Wednesday, December 4, 2013

Miami in 1904: Nothing that savored of prosperity or future greatness except ...

State Archives of Florida, Florida Memory,
 http://floridamemory.com/items/show/30031


By Jane Feehan

In June 1897, the Daily Metropolis extolled the virtues of Miami (see prior post at http://bit.ly/1bU4bUp), a tiny settlement incorporated in 1896. The five-star Royal Palm Hotel was listed as one of the town’s assets and, indeed, it was.

Seven years later the same newspaper reported that Miami and its high-profile hotel, which was known to assign an attendant to each guest, made front page news of the Daily National Hotel Reporter. Its editor (unnamed) had made an East Coast trip during the winter season of 1904 to report on its “magnificent hotels;” Henry Flagler’s Royal Palm Hotel was one of them.   

The editor wrote:

 The town of Miami is a revelation. Before the advent of the East Coast Railway, eight years ago, Miami was little more than a wilderness … few inhabitants, no industries and nothing that savored of prosperity or future greatness.

Miami is today one of the prettiest towns in Florida. It has three banks, numerous fine shops, factories, two daily newspapers and a tourist hotel. That hotel, the Royal Palm … is a hotel that appeals to every one who enjoys artistic excellence, home comforts and luxurious appointments. The hotel is under the management of Henry W. Merrill, first manager of the Poinciana in Palm Beach, who was previously connected with the Ormond-on-the-Halifax.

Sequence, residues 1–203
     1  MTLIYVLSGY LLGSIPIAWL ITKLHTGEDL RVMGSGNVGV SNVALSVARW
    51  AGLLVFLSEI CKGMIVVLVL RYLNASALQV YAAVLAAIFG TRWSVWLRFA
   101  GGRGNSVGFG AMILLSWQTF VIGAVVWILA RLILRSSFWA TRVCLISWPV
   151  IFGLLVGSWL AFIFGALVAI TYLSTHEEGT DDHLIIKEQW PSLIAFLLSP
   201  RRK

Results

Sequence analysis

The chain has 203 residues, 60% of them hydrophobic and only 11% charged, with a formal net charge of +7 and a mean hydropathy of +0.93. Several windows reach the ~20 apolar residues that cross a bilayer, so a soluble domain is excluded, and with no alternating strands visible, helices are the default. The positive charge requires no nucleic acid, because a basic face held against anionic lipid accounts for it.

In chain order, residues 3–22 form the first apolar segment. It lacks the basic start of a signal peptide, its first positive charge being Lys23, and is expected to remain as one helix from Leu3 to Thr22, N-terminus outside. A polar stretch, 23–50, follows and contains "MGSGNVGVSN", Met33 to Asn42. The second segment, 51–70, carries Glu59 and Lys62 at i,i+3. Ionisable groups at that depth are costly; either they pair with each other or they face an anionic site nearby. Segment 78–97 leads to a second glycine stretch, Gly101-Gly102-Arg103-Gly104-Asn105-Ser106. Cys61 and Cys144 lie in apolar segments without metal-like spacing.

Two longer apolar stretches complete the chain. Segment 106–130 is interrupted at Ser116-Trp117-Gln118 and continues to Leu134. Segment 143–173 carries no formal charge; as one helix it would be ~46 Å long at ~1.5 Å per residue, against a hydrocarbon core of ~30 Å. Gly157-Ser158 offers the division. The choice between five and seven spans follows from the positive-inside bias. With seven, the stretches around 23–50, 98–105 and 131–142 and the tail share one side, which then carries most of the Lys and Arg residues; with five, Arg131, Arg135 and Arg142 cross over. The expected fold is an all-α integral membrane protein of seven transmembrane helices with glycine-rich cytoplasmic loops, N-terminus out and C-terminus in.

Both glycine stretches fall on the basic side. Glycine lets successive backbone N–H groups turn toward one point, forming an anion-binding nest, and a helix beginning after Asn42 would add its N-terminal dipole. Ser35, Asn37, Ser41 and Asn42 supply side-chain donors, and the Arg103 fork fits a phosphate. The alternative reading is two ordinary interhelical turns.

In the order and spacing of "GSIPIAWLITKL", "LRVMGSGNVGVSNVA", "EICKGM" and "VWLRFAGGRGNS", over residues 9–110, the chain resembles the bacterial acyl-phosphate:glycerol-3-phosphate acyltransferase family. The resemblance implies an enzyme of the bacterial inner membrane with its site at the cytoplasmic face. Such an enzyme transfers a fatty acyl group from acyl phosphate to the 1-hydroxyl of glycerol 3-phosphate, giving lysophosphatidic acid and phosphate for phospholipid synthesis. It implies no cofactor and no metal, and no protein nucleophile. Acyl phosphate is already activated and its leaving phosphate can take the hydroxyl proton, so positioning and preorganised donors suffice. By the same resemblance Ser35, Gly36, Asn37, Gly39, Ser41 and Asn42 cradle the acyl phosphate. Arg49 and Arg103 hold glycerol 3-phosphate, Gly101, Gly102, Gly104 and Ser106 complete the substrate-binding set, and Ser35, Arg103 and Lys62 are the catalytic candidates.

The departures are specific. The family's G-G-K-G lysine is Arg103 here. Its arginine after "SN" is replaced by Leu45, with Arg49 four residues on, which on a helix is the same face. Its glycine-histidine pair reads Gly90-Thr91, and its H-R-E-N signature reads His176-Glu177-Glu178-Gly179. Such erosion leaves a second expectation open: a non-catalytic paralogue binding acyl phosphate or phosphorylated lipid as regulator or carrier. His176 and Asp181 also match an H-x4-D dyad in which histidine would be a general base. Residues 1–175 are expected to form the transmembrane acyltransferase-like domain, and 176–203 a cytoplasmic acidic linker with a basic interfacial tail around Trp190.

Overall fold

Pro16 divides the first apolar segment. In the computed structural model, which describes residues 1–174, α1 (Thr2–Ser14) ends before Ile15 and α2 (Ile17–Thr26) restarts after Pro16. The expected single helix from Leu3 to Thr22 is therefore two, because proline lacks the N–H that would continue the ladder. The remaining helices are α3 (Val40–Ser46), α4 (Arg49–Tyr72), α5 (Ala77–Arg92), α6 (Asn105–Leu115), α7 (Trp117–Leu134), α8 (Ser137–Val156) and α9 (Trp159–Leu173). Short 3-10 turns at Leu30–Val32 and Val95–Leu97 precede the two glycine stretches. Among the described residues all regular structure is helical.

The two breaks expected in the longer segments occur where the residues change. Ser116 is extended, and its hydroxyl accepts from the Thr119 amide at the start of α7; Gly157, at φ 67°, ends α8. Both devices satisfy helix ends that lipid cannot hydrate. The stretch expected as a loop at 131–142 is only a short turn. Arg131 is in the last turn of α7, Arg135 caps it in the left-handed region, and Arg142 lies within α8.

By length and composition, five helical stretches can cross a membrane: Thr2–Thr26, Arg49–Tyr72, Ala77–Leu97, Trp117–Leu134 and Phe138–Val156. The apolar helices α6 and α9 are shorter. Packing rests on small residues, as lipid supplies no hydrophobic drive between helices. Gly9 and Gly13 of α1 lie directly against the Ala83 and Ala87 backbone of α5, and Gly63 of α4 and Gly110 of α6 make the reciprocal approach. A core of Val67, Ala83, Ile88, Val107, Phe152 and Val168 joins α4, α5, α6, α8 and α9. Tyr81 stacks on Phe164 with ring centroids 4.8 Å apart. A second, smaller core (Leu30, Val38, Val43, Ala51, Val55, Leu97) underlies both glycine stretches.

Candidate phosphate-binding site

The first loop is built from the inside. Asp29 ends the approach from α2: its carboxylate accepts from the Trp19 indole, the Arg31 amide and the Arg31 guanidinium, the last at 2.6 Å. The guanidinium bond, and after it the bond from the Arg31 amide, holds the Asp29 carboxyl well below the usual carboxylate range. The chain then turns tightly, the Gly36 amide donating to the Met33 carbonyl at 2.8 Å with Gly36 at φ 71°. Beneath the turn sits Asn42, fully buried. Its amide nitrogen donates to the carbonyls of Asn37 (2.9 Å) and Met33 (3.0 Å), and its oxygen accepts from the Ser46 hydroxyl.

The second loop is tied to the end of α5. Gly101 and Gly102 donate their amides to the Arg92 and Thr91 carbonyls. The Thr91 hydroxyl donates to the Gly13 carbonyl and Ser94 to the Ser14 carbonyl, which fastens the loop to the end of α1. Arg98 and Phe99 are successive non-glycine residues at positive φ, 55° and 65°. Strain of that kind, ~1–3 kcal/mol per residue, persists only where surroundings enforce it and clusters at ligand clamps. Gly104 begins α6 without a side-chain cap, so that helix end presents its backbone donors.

Today the Royal Palm may be too small for the demands that are likely to be made upon it in the future. Visitors are constantly arriving from Nassau, Havana, Key West and Cedar Key and on rail from St. Augustine.

The editor also wrote that he was in Miami when the East Coast Railway [sic] ran its first freight trains on a regular schedule over 22 miles which extended “below Miami. He predicted “that within a few years the output of vegetables—particularly tomatoes— will be of such volume and quality as to astonish the world.”

The Royal Palm Hotel was severely damaged by the 1926 hurricane and was torn down in 1930. Eventually it was paved over with a parking lot near what became the Dupont Plaza Hotel in downtown Miami.

In 2003, in preparation for a $640 million hotel/condo development, a pre-project required historical excavation gave up ceramic fragments and metal pieces that lay more than two feet beneath the earth. It was the remains of the Royal Palm Hotel (see post on other details about the hotel at http://bit.ly/IEgNnj). Further digging yielded even more history: artifacts from a Tequesta settlement 10,000 years old. Development was halted and the Miami Circle, as it is known because of a circle of stones apparently left by the Indians, was declared a National Historic Landmark on January 16, 2009. The city established the site as Miami Circle Park, a green space, in 2011.

Today Miami has nearly 414,000 residents and is considered a gateway to South American markets. It is also a city where slightly more than half its population was born in another country.  

Henry Flagler, as history has proved, had a knack for picking prime real estate …
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Sources:
Daily Miami Metropolis, April 6, 1904
Sun-Sentinel, April 21, 2004
Wikipedia
Florida Memories

Tags: Royal Palm, Miami Circle, Tequesta Indians






Tags: Miami history, Henry Flagler, hotel history in Miami, Royal Palm Hotel, Miami in the early 1900s

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